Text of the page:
An Archaeological Inspiration: inspiring creative responses to understanding the past and shaping the future

Posted on June 24, 2020


We all tell stories; they are fundamental to constructing identity, as individuals, communities and nations, linking people to place and shared experiences. At the same time, heritage and archaeology are powerful sources of inspiration for many other sectors, such as art, engineering and architecture, which have used history as creative inspiration. This raises the question of how we present the material past; what stories do we tell, how do we tell them, to whom and to what purpose? This session will explore the creative and innovative ways that archaeologists can work with other sectors to present archaeological narratives indifferent ways to engage and inspire, using the stories we tell not as an end in themselves, but as inspiration for shaping the environment around us and using the past to create legacies for the future.

Megan Clement, Great Place Wentworth and Elsecar & John Mabbitt, Wood E&IS UK

Inspiring and experiencing at the London Mithraeum

London Mithraeum Bloomberg SPACE, featuring the relocated and reconstructed remains of London’s Roman Temple to Mithras, opened in November 2017 and has been visited by over 110,000 people in its first year. Its popularity is due in part to the experiential and artistic approach to the interpretation of the ruins. The reconstruction, located within the basement of global financial information company Bloomberg, is designed as an immersive sensory experience, to trigger the visitor’s imagination and create an emotional connection with the past. The ground floor space above is reserved for contemporary art commissions that reflect on the archaeology and history of the site. This paper looks at how the consultants, artists, scholars and design team approached translating the archaeological and historical evidence for the worship of Mithras on this site into installations and sensory effects for a 21st century audience.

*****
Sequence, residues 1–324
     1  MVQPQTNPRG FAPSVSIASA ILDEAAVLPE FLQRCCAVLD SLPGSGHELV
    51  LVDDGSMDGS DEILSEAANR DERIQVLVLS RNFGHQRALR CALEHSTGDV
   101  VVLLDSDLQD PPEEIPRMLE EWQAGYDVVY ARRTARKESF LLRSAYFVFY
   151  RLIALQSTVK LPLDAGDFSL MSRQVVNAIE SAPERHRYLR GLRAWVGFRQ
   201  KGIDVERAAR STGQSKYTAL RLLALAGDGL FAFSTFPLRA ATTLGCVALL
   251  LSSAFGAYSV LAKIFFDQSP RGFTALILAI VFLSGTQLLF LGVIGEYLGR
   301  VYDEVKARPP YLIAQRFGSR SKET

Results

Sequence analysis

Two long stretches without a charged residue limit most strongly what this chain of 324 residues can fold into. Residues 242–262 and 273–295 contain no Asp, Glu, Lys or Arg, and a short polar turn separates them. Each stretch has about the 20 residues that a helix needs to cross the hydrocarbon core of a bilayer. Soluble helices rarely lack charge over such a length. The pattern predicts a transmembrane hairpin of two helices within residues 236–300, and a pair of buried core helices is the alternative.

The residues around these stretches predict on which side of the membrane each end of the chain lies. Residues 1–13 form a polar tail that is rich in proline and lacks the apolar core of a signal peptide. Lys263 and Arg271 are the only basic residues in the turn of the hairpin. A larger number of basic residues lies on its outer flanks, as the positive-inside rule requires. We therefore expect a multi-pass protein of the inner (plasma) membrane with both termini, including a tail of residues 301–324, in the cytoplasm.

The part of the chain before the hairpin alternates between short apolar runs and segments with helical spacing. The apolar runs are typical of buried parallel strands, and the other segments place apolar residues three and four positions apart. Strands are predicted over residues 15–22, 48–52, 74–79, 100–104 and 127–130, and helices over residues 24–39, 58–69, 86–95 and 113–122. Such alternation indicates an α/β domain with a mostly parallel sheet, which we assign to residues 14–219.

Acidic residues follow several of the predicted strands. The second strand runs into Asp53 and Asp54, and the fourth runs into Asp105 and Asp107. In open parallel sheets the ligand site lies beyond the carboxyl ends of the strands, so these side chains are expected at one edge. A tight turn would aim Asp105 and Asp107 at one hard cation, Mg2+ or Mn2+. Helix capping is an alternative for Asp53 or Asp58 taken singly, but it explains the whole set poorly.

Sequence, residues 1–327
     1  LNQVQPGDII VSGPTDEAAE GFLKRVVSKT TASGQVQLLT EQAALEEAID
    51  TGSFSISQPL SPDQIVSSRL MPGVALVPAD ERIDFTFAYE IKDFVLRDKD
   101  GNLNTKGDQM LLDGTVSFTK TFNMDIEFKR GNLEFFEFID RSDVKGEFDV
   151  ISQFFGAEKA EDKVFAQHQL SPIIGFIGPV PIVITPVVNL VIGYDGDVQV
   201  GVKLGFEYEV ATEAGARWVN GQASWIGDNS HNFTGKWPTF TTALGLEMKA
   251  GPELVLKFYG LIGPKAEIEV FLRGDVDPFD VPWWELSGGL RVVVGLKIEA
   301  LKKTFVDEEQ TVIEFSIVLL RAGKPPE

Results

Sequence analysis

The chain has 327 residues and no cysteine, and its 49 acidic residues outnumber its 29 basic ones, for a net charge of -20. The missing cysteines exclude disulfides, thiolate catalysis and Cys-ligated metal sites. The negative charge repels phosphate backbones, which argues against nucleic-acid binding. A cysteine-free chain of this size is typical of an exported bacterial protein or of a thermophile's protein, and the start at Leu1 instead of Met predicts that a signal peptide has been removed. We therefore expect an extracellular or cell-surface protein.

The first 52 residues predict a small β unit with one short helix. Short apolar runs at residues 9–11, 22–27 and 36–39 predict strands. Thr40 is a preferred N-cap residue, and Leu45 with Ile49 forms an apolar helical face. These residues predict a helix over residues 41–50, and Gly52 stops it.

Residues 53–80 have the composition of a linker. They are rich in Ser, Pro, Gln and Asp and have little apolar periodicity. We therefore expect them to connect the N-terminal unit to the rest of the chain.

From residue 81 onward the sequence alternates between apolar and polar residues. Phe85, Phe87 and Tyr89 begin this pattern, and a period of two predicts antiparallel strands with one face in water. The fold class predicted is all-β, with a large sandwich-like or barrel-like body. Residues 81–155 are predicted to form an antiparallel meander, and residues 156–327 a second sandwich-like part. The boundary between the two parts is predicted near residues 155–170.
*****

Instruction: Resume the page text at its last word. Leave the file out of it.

Sophie Jackson (MOLA)

From Find to Mind: how can we transform archaeology into cultural capital

Synopsis: Archaeology is not a thing; it’s not an outcome – it is just a process. The material in the ground is not archaeology; it’s not a precious artefact; it is not treasure – it is just stuff. It is the process of archaeology and the thoughts and ideas of archaeologist that transforms this stuff into a cultural product – what product it is transformed into is up to us. We could see what we do as mitigation; as the creation of the archaeological record; as the preservation of the past. Or we can see it as an endless opportunity to create cultural value; to create and share cultural meaning and experience; to share and debate what we think and what we do. This presentation will explore how I use contemporary culture, ancient philosophy and my own personal experiences to communicate and share what I do. It will set out how I hope to inspire people to understand the past, explore their own identity and help them contribute to the stories of their place. It will illustrate how by thinking differently we can develop outputs from our work as archaeologists that have real cultural capital and lasting legacies.

Neil Redfern (Historic England)

Rethinking the perception of magic and rituals in archaeological contexts and in material culture: A three-fold dialogue between field archaeologists, academics and the public.